Ca2+ channel) of the transverse tubule system (Figure 49-8). Experiments in vitro employing an affinity column chromatography approach have indicated that a 37-amino-acid stretch in RYR1 interacts with one specific loop of DHPR.

Relaxation occurs when sarcoplasmic Ca2+ falls below 10-7 mol/L owing to its resequestration into the sarcoplasmic reticulum by Ca2+ ATPase. TpC.4Ca2+ thus loses its Ca2+. Consequently, troponin, via interaction with tropomyosin, inhibits further myosin head and F-actin interaction, and in the presence of ATP the myosin head detaches from the F-actin.

Thus, Ca2+ controls skeletal muscle contraction and relaxation by an allosteric mechanism mediated by TpC, Tpl, TpT, tropomyosin, and F-actin.

A decrease in the concentration of ATP in the sar-coplasm (eg, by excessive usage during the cycle of contraction-relaxation or by diminished formation, such as might occur in ischemia) has two major effects: (1) The Ca2+ ATPase (Ca2+ pump) in the sarcoplasmic reticulum ceases to maintain the low concentration of Ca2+ in the sarcoplasm. Thus, the interaction of the myosin heads with F-actin is promoted. (2) The ATP-depen-dent detachment of myosin heads from F-actin cannot occur, and rigidity (contracture) sets in. The condition of rigor mortis, following death, is an extension of these events.

Muscle contraction is a delicate dynamic balance of the attachment and detachment of myosin heads to F-actin, subject to fine regulation via the nervous system.

Table 49-1 summarizes the overall events in contraction and relaxation of skeletal muscle.

Mutations in the Gene Encoding the Ca2+ Release Channel Are One Cause of Human Malignant Hyperthermia

Some genetically predisposed patients experience a severe reaction, designated malignant hyperthermia, on exposure to certain anesthetics (eg, halothane) and depolarizing skeletal muscle relaxants (eg, succinyl-choline). The reaction consists primarily of rigidity of skeletal muscles, hypermetabolism, and high fever. A high cytosolic concentration of Ca2+ in skeletal muscle is a major factor in its causation. Unless malignant hyperthermia is recognized and treated immediately, patients may die acutely of ventricular fibrillation or survive to succumb subsequently from other serious complications. Appropriate treatment is to stop the anesthetic and administer the drug dantrolene intravenously. Dantrolene is a skeletal muscle relaxant that acts to inhibit release of Ca2+ from the sarcoplasmic reticulum into the cytosol, thus preventing the increase of cytosolic Ca2+ found in malignant hyperthermia.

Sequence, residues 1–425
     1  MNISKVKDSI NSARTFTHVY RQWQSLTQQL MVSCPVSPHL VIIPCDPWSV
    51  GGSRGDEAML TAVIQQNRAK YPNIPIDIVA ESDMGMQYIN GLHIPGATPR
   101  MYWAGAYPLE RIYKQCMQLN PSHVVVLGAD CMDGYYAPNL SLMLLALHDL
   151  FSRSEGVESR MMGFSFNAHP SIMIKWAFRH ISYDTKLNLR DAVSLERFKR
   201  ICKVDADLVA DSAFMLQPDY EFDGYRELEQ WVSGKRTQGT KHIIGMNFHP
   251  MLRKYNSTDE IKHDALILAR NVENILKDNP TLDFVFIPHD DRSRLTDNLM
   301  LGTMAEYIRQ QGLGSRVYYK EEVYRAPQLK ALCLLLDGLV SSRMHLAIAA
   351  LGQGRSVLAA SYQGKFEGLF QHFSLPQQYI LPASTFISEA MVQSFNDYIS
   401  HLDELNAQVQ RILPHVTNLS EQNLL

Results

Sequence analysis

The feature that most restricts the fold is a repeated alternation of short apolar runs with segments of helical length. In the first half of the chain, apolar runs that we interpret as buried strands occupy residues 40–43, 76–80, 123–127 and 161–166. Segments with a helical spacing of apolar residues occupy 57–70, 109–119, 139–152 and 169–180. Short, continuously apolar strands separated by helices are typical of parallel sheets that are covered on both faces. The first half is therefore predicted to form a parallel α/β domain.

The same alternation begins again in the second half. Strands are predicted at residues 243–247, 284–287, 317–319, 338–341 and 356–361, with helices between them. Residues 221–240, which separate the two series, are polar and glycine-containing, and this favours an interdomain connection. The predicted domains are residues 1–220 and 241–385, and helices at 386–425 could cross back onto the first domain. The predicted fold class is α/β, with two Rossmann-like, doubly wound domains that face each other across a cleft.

Table 49-1. Sequence of events in contraction and relaxation of skeletal muscle.1

Steps in contraction

(1) Discharge of motor neuron

(2) Release of transmitter (acetylcholine) at motor endplate

(3) Binding of acetylcholine to nicotinic acetylcholine receptors

(4) Increased Na+ and K+ conductance in endplate membrane

(5) Generation of endplate potential

(6) Generation of action potential in muscle fibers

(7) Inward spread of depolarization along T tubules

(8) Release of Ca2+ from terminal cisterns of sarcoplasmic reticulum and diffusion to thick and thin filaments

(9) Binding of Ca2+ to troponin C, uncovering myosin binding sites of actin

(10) Formation of cross-linkages between actin and myosin and sliding of thin on thick filaments, producing shortening

Steps in relaxation

(1) Ca2+ pumped back into sarcoplasmic reticulum

(2) Release of Ca2+from troponin

(3) Cessation of interaction between actin and myosin

Reproduced, with permission, from Ganong WF: Review of Medical Physiology, 21st ed. McGraw-Hill, 2003.

Malignant hyperthermia also occurs in swine. Susceptible animals homozygous for malignant hyperthermia respond to stress with a fatal reaction (porcine stress syndrome) similar to that exhibited by humans. If the reaction occurs prior to slaughter, it affects the quality of the pork adversely, resulting in an inferior product. Both events can result in considerable economic losses for the swine industry.